Challenges facing Kenya: decreeing and establishing a constitutional order

This article is part of a debate organized by Oxford Transitional Justice Research (OTJR) in collaboration with Moi University (Eldoret) and Pambazuka News. A selection of essays based on this debate will be published in an edited volume by Fahamu Books. For PDF documents of the debate please go to www.csls.ox.ac.uk/otjr.php.

There is a renewed interest in a new constitutional order in Kenya. A bad constitution is blamed for the post-election crisis, allowing the president to pack the electoral commission with his cronies shortly before the election; a largely unaccountable electoral commission declaring presidential election results without proper counting or reliable records; enormous powers vested in the office of, or illegally appropriated by, the president; the centralisation of power in Nairobi; the lack of public participation; the lack of autonomy, effectiveness and legitimacy of state institutions, particularly those for accountability and justice, principally judges, police, prosecution and the attorney general; opportunistic political parties and unprincipled politicians; and resulting corruption and wide scale impunity.

People often ask: would Kenya have been a better place today if the “Bomas” draft had not been sabotaged? This essay argues that a good constitution, while critical, is not equivalent to constitutional order. Enactment of a constitution is distinct from the adherence to its values, institutions and procedures. A constitution by itself makes no difference. Kenyan society determines the extent to which the constitution will be observed, manipulated, or disregarded, and therefore the extent to which constitutional reforms will have meaning.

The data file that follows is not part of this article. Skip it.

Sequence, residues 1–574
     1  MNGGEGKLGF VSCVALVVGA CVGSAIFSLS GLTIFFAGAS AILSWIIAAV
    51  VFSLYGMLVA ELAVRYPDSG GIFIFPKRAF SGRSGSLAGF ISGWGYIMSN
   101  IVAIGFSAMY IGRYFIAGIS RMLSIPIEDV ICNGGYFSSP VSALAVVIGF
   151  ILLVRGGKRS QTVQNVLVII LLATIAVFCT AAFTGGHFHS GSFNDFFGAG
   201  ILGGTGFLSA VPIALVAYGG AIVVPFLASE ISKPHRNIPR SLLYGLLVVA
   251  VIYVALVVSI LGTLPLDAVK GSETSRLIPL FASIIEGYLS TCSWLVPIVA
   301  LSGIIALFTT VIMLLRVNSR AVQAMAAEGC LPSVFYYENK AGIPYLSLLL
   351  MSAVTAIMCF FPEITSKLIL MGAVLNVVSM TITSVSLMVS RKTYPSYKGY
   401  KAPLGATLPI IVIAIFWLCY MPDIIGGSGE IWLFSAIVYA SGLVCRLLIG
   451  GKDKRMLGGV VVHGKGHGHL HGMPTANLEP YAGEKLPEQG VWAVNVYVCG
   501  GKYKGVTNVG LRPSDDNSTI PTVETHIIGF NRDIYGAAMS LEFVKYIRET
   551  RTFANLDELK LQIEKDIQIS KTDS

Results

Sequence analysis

The notion of a constitutional order is broader than merely the text of the constitution. It represents a fundamental commitment to the principles and procedures of the constitution and therefore emphasises behaviour, practice, and internalisation of norms. A central feature is the depersonalisation of power. Power belongs to state offices, not to individuals, however exalted. The purpose for which power must be used and the mode of its exercise are set out in the law. The holders of even the highest state offices are subject to the law, not above it. This aspect of constitutionalism has proved extremely hard to realise in Africa—where public office has its own aura, and expectations of the people merely encourage the whimsical, or capricious and biased, exercise of state power.